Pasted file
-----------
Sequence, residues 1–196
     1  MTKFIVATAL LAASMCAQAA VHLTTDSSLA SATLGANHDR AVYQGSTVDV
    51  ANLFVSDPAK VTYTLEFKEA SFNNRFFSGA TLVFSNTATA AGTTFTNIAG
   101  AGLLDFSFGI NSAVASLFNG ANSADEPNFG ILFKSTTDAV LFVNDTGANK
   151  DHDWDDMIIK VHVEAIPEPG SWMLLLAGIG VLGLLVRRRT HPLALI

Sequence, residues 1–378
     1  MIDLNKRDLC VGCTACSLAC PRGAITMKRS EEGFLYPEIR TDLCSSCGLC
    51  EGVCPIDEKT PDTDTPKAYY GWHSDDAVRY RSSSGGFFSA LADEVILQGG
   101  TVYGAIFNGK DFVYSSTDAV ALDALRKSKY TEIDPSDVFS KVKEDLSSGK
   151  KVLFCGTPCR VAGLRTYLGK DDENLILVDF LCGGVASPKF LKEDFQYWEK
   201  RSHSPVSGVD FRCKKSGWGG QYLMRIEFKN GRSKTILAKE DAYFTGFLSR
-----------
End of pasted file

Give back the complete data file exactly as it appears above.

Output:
Sequence, residues 1–196
     1  MTKFIVATAL LAASMCAQAA VHLTTDSSLA SATLGANHDR AVYQGSTVDV
    51  ANLFVSDPAK VTYTLEFKEA SFNNRFFSGA TLVFSNTATA AGTTFTNIAG
   101  AGLLDFSFGI NSAVASLFNG ANSADEPNFG ILFKSTTDAV LFVNDTGANK
   151  DHDWDDMIIK VHVEAIPEPG SWMLLLAGIG VLGLLVRRRT HPLALI

Sequence, residues 1–378
     1  MIDLNKRDLC VGCTACSLAC PRGAITMKRS EEGFLYPEIR TDLCSSCGLC
    51  EGVCPIDEKT PDTDTPKAYY GWHSDDAVRY RSSSGGFFSA LADEVILQGG
   101  TVYGAIFNGK DFVYSSTDAV ALDALRKSKY TEIDPSDVFS KVKEDLSSGK
   151  KVLFCGTPCR VAGLRTYLGK DDENLILVDF LCGGVASPKF LKEDFQYWEK
   201  RSHSPVSGVD FRCKKSGWGG QYLMRIEFKN GRSKTILAKE DAYFTGFLSR